[Beowulf] [EXTERNAL] Re: Have machine, will compute: ESXi or bare metal?

Lux, Jim (US 337K) james.p.lux at jpl.nasa.gov
Wed Feb 12 13:13:30 PST 2020


I've used zeroconf quite effectively on a couple clusters of beagleboards.  If you do it, then you can let the nodes use DHCP to get their IP addresses, which is handy if you're sharing a WiFi network, for instance. 

On the other hand, for a "training experience", having to go through the process of manually assigning IP addresses, and node identifiers (hostname) and keeping them all straight is a useful thing.  Having done that, you really appreciate zeroconf/bonjour and DHCP.

My two configurations are:
Head node is a Macbook running OS X
Configuration 1: Macbook using Wireless to connect to the "internet" and wired to connect to the cluster, which is 4 BeagleBoard Green with wired ethernet.
Configuration 2: Macbook using wireless to connect to the "internet" and wired to an 802.11b/g access point, then the cluster is 4 BeagleBoard Green Wireless.

In both cases, I wind up setting up a bridge from the cluster to the outside world via the macbook, so that I can run things like "apt get" on the nodes to install software.
I use a combination of screen, ssh, and pdsh to work with the nodes, and scp (with pdsh) to move files around.

Note that with beagles (and Rpis) you usually use a "network over USB" to get it up originally (the gadget interface)

´╗┐On 2/11/20, 7:57 PM, "Beowulf on behalf of Skylar Thompson" <beowulf-bounces at beowulf.org on behalf of skylar.thompson at gmail.com> wrote:

    On Tue, Feb 11, 2020 at 06:25:24AM +0800, Benson Muite wrote:
    > 
    > 
    > On Tue, Feb 11, 2020, at 9:31 AM, Skylar Thompson wrote:
    > > On Sun, Feb 09, 2020 at 10:46:05PM -0800, Chris Samuel wrote:
    > > > On 9/2/20 10:36 pm, Benson Muite wrote:
    > > > 
    > > > > Take a look at the bootable cluster CD here:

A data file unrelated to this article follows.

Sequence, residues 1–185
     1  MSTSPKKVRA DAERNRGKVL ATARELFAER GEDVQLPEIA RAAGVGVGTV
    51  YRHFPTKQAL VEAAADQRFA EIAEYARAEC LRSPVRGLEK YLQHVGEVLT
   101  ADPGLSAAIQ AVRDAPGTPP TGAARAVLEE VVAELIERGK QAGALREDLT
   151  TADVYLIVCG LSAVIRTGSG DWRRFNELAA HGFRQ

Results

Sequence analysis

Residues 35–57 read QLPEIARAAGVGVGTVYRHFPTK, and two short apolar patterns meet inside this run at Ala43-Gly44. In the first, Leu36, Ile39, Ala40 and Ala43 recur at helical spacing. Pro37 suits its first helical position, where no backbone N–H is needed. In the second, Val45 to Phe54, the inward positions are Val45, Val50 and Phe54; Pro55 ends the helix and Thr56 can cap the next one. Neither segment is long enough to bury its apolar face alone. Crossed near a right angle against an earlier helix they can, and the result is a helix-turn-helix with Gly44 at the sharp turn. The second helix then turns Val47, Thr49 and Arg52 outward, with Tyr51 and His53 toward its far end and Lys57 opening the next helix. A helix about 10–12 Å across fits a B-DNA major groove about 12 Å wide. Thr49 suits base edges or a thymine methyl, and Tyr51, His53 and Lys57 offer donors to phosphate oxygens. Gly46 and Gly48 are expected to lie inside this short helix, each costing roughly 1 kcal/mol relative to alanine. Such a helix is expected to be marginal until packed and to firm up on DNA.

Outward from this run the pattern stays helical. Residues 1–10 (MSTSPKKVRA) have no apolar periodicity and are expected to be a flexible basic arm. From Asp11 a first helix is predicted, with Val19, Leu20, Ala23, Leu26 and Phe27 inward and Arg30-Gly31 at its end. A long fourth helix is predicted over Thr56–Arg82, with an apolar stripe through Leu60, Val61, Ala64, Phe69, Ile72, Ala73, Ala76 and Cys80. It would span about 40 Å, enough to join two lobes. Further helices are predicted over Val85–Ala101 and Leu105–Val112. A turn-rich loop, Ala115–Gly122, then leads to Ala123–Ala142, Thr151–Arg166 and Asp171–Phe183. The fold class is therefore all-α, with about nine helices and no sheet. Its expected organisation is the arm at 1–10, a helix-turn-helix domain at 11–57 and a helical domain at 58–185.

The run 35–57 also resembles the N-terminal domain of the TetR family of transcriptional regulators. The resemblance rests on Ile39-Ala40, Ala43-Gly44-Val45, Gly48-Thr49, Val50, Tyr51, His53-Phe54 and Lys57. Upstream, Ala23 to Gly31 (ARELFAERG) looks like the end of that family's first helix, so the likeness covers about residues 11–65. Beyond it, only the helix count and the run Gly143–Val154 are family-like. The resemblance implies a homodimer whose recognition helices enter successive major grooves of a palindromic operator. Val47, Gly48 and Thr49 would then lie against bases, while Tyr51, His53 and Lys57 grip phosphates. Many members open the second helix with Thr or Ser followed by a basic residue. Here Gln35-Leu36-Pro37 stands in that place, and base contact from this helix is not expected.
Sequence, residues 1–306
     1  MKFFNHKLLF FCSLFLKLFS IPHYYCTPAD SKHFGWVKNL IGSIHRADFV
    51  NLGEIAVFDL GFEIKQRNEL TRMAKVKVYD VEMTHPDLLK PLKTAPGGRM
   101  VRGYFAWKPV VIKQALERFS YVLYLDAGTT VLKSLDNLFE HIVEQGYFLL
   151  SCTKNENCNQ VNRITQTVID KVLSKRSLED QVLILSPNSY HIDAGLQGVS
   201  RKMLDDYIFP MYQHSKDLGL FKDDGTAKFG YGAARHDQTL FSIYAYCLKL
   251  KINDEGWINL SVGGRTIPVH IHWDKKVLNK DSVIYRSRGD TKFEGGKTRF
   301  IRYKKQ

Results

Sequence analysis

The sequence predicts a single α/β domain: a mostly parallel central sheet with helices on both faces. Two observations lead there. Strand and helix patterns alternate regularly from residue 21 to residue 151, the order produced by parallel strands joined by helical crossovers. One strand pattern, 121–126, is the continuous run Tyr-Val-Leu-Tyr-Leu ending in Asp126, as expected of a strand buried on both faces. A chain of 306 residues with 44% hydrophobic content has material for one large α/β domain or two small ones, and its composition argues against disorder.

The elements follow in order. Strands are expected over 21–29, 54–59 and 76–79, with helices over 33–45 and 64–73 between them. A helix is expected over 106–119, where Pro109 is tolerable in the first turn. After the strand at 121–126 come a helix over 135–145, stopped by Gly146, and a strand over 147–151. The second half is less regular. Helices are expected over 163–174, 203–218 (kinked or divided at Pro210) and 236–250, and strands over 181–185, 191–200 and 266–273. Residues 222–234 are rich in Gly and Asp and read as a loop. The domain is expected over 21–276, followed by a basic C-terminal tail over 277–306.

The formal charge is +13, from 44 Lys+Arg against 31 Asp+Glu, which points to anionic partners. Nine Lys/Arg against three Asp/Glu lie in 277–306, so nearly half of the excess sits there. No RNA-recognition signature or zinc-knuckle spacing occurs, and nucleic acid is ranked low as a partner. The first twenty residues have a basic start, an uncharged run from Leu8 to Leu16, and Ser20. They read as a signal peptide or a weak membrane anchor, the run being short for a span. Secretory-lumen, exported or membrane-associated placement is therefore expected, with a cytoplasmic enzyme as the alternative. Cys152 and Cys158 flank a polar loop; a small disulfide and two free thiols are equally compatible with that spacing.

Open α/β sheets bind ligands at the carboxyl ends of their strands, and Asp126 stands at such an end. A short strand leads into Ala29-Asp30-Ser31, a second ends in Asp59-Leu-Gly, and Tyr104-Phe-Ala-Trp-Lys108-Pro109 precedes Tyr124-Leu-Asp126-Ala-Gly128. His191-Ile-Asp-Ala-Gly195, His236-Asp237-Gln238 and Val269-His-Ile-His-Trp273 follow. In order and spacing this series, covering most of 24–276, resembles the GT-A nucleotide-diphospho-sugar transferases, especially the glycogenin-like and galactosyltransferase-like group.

> > > > http://www.littlefe.net/
    > > > 
    > > > From what I can see BCCD hasn't been updated for just over 5 years, and the
    > > > last email on their developer list was Feb 2018, so it's likely a little out
    > > > of date now.
    > > > 
    > > > http://bccd.net/downloads
    > > > 
    > > > http://bccd.net/pipermail/bccd-developers/
    > > > 
    > > > On the other hand their TRAC does list some ticket updates a few months ago,
    > > > so perhaps there are things going on but Skylar needs more hands?
    > > > 
    > > > https://cluster.earlham.edu/trac/bccd-ng/report/1?sort=created&asc=0&page=1
    > > 
    > > Wow, I had no idea people on the Beowulf list were still thinking of BCCD.
    > > :)
    > > 
    > > I've been working on a major BCCD update for a while now (modern Debian,
    > > better node auto-detection) but a combination of life interference and a
    > > shift in focus for the project to curriculum development has slowed me
    > > down.
    > > 
    > > At the end of the day, BCCD has three has three main goals:
    > > 
    > > 1. Non-destructive in its default mode
    > > 2. Simple ("just press enter")
    > > 3. Ready with pedagogically-useful ("validated, verified, and accredited")
    > > curriculum modules
    > > 
    > > One thing I'm hoping can come out of this major update is to decouple the BCCD
    > > from the underlying distribution, since that's been a barrier for some
    > > people in using BCCD. That's just an aspiration right now, but we'll see
    > > where it goes.
    > 
    > Can you give more details on how you expect to decouple it?
    
    There's a couple things that are tightly integrated with the init process
    now:
    
    * Network setup - prompts the user for information (which NIC to run on,
      whether to use DHCP to assign addresses, etc.), detects other BCCD
      systems on the network, etc.
    
    * SSH public key broadcast (pkbcast) - needs to run after a user logs in to
      ensure that authorized_keys is setup on other participating systems.
    
    The network setup in particular is a challenge in the systemd world, since
    getting STDIN from systemd-invoked processes is not trivial. We've also had
    some users wanting better integration between networking and desktop
    applications, which pushed me to try to make use of the existing
    systemd/networkd toolchain rather than rolling our own tooling.
    
    Right now the challenge is the node auto-detection, though I'm hoping that
    we might be able to use mDNS and zeroconf-assigned addressing rather than
    depending on custom DHCP tags which have been problematic in the past.
    zeroconf might also mitigate the biggest problem we have in workshops:
    someone jumping the gun and starting up a head node before we're ready to
    go.
    
    While I'm not the biggest fan of systemd, it does have the potential to
    allow us to get away from custom scripts and use functionality common
    across more than one distribution.
    
    -- 
    Skylar
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